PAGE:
Dane crashes the boards

Dane Bradshaw doesn't look like a power forward, but he plays like one.

Although he stands just 6-4, Bradshaw started Tennessee's two exhibition games at power forward and probably will fill the same role in Friday night's regular-season opener against East Tennessee State. The reason is two-fold:

1. The preseason dismissal of Jemere Hendrix leaves the Vols perilously thin at forward.

2. Bradshaw is surprisingly effective in the role.

Bradshaw proved Point 2 by spearing a game-high 12 rebounds in last Friday's 106-73 defeat of Carson-Newman.

"A few of those could've been Major Wingate's but I kinda' snagged ‘em out of his hands a little bit," Bradshaw said, grinning broadly. "I was underneath and I felt like somebody had to grab it, so I might as well."

Because head coach Bruce Pearl also utilizes him as the chief backup to point guard C.J. Watson, Bradshaw managed to dish out six assists last Friday. That pleased him even more than his eye-opening rebound total.

"I was excited about the six assists and one turnover more than anything," he said. "Coach is trying to get confidence in a backup point guard to where C.J. can play less minutes. Hopefully, I'm giving him that."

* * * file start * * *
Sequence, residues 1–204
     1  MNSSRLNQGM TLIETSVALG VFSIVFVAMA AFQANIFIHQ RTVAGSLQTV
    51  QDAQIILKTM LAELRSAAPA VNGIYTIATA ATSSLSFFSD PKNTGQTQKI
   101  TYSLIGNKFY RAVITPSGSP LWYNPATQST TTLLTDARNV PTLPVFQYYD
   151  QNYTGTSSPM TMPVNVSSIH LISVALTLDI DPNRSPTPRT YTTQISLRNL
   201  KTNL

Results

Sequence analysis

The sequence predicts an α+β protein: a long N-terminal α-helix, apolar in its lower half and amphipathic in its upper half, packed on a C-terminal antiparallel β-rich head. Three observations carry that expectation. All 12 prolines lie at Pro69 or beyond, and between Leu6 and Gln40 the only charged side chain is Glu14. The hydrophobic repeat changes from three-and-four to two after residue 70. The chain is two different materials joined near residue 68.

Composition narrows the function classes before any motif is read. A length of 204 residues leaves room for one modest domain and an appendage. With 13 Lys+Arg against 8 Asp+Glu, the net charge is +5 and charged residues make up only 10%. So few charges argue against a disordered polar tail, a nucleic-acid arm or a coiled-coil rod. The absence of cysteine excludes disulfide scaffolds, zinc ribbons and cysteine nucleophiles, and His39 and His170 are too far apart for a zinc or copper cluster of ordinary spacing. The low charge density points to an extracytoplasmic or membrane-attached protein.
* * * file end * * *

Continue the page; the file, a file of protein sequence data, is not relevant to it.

Bradshaw has the strength and toughness to play inside, plus the passing and ball-handling skills to play outside. Still, doing both in the same game is a challenge.

"It's not too bad, really," he said. "I've kind of gotten used to it the past two years. I have to adjust each possession, not knowing where I might be, but I'm ready for it. It's a challenge I'm willing to take on."

At 6-4, Bradshaw is dwarfed by most centers and power forwards. He's a scrappy guy but the physical pounding he absorbs at the hands of bigger foes is considerable.

"Sometimes it's tough," he said. "When you're trying to front the post, you get a few more elbows than you want. I just depend on my teammates for backside help. They're there for me most of the time."

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